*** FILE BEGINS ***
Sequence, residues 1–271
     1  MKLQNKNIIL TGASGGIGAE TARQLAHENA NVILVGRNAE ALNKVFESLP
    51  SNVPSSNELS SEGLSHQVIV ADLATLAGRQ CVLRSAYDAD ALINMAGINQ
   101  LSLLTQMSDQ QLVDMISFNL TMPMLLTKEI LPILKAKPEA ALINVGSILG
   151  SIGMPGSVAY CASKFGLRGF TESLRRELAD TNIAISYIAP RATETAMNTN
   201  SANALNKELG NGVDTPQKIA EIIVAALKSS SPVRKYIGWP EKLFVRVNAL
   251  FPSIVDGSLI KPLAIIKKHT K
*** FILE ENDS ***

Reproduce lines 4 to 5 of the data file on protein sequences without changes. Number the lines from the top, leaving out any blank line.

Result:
   101  LSLLTQMSDQ QLVDMISFNL TMPMLLTKEI LPILKAKPEA ALINVGSILG
   151  SIGMPGSVAY CASKFGLRGF TESLRRELAD TNIAISYIAP RATETAMNTN